This website uses cookies primarily for visitor analytics. Certain pages will ask you to fill in contact details to receive additional information. On these pages you have the option of having the site log your details for future visits. Indicating you want the site to remember your details will place a cookie on your device. To view our full cookie policy, please click here. You can also view it at any time by going to our Contact Us page.

Eddy current principle applied to high temperature measuring applications

05 January 2016

The Technology Partnership (TTP), a technology and product development company, has devised a non-contact solution to the measurement of high temperatures. 

The patent-pending inductive technique has been used over temperature ranges of several hundred degrees Celsius with an accuracy of 1°C and could replace existing contact methods such as thermocouples and the use of infrared.
 
Researchers at TTP applied the traditional principle that applying an alternating current to a coil will induce eddy currents in nearby metallic objects; an effect commonly used in proximity sensors and non-destructive testing, looking for cracks or voids in material, for example. However, it has exploited the fact that the flow of eddy currents is also dependent on the material’s temperature and can be used to provide a new approach to non-contact temperature sensing.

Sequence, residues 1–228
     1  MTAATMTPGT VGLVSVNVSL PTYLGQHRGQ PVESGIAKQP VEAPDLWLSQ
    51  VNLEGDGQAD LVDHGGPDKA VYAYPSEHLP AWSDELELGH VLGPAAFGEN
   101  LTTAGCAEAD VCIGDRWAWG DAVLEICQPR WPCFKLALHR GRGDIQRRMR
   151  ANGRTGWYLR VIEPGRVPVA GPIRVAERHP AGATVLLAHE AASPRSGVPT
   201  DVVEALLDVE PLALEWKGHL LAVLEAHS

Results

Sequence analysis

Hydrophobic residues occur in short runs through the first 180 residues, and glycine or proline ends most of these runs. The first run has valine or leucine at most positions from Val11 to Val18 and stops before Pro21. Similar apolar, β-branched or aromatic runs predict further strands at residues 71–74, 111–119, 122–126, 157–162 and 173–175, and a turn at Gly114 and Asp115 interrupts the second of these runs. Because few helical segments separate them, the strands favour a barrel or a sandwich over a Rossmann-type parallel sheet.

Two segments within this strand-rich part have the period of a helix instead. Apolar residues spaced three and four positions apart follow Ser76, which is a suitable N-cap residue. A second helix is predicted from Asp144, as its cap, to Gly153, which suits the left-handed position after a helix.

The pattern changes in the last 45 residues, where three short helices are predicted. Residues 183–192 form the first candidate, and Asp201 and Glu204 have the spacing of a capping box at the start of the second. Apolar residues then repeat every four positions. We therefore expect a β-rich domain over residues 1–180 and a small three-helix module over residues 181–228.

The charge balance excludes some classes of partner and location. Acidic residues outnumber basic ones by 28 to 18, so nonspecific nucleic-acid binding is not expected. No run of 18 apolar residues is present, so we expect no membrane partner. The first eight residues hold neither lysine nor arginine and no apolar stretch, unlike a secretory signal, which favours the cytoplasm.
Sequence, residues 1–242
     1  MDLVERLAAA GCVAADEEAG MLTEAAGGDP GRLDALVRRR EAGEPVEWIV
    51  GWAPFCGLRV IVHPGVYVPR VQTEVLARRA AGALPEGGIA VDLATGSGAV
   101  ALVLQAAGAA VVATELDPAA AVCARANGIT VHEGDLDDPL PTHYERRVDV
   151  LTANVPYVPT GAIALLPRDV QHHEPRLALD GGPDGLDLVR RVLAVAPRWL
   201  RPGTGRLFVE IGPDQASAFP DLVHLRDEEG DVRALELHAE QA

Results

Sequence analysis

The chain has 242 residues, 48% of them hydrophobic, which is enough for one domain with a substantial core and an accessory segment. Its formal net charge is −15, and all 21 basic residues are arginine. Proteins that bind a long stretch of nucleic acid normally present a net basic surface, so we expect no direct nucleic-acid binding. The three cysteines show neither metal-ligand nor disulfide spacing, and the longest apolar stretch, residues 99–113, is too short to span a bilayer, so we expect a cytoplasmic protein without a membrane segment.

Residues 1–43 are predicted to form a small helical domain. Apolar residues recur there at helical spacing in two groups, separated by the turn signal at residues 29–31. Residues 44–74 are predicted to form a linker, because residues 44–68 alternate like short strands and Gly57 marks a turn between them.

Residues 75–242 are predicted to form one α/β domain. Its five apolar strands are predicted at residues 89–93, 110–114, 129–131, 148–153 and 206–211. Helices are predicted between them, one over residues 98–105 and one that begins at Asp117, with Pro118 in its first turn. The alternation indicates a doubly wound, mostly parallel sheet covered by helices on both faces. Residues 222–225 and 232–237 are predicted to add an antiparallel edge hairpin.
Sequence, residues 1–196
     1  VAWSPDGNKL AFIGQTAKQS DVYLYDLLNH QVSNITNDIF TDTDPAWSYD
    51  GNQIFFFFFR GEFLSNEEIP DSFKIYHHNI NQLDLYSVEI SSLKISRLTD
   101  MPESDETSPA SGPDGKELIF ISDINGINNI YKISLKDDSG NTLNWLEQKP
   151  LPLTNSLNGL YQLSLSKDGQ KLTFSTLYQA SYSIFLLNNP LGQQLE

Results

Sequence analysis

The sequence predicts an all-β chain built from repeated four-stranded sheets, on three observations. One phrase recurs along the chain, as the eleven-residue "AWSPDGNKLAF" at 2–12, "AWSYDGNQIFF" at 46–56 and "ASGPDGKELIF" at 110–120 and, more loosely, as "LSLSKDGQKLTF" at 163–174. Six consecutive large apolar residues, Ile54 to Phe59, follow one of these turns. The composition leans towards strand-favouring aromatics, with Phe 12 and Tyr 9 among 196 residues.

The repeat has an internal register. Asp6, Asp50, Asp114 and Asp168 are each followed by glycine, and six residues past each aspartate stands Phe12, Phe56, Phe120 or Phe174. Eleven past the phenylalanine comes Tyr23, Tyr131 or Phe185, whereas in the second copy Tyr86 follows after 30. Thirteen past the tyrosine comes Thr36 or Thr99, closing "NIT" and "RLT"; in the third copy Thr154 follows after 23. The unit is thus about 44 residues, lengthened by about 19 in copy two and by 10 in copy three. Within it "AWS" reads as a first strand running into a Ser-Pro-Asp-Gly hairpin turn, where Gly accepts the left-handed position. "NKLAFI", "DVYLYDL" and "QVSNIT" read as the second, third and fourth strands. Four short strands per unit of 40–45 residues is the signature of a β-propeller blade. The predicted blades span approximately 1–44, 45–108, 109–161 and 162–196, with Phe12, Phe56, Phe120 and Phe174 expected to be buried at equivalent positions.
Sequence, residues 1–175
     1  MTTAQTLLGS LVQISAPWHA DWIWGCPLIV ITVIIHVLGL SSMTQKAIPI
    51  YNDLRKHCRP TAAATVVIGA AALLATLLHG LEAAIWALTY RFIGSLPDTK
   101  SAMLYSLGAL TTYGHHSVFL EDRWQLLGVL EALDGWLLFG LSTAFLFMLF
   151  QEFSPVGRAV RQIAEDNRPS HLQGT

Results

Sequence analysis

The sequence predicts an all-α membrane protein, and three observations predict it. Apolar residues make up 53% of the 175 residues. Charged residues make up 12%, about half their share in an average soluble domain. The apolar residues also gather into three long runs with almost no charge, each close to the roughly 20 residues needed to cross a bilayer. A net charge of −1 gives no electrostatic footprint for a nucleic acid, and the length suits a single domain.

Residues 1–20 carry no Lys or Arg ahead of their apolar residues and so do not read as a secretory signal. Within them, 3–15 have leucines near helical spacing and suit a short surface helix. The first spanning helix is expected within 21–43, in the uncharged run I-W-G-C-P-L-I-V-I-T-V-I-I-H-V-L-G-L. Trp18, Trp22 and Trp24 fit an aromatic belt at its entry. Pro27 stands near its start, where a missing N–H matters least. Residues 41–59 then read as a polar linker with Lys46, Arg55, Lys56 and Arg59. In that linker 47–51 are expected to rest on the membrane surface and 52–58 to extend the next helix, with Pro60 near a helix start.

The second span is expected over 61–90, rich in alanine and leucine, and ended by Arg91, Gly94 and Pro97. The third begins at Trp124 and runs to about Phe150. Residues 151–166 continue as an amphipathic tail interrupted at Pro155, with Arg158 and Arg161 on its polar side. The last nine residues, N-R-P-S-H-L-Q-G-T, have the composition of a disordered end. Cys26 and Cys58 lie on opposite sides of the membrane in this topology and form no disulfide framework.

Using a special coil arrangement, sensing methodology and algorithm to detect and measure the induced eddy currents, TTP researchers have been able to implement inductive temperature sensing of targets in a range of challenging environments, through metal barriers and even in applications where the geometry of the target material is unknown.
 
“Inductive temperature sensing is ideal for applications where contact methods are not reliable and where lack of line-of-sight access, variable emissivity or high cost limit the use of infrared techniques,” said Dr David Pooley, senior consultant at TTP. “Because of the simplicity of applying the technology in practical environments, it could also be used in low-cost consumer applications.
 
“We are continuing with practical trials to refine the process and explore new applications and are already getting interest from potential partners to commercialise the technology and take it to market.”


Contact Details and Archive...

Most Viewed Articles...

Print this page | E-mail this page